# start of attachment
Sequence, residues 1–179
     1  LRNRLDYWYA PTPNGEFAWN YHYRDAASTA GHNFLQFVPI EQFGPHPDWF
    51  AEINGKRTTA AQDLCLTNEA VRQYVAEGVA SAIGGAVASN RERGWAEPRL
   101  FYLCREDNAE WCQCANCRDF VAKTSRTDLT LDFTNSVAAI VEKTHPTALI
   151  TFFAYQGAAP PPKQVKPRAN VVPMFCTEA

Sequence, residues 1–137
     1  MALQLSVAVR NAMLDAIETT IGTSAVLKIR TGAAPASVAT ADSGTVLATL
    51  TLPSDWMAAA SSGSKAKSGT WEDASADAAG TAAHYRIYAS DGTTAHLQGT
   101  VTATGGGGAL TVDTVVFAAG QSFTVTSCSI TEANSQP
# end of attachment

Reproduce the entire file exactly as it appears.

Sequence, residues 1–179
     1  LRNRLDYWYA PTPNGEFAWN YHYRDAASTA GHNFLQFVPI EQFGPHPDWF
    51  AEINGKRTTA AQDLCLTNEA VRQYVAEGVA SAIGGAVASN RERGWAEPRL
   101  FYLCREDNAE WCQCANCRDF VAKTSRTDLT LDFTNSVAAI VEKTHPTALI
   151  TFFAYQGAAP PPKQVKPRAN VVPMFCTEA

Sequence, residues 1–137
     1  MALQLSVAVR NAMLDAIETT IGTSAVLKIR TGAAPASVAT ADSGTVLATL
    51  TLPSDWMAAA SSGSKAKSGT WEDASADAAG TAAHYRIYAS DGTTAHLQGT
   101  VTATGGGGAL TVDTVVFAAG QSFTVTSCSI TEANSQP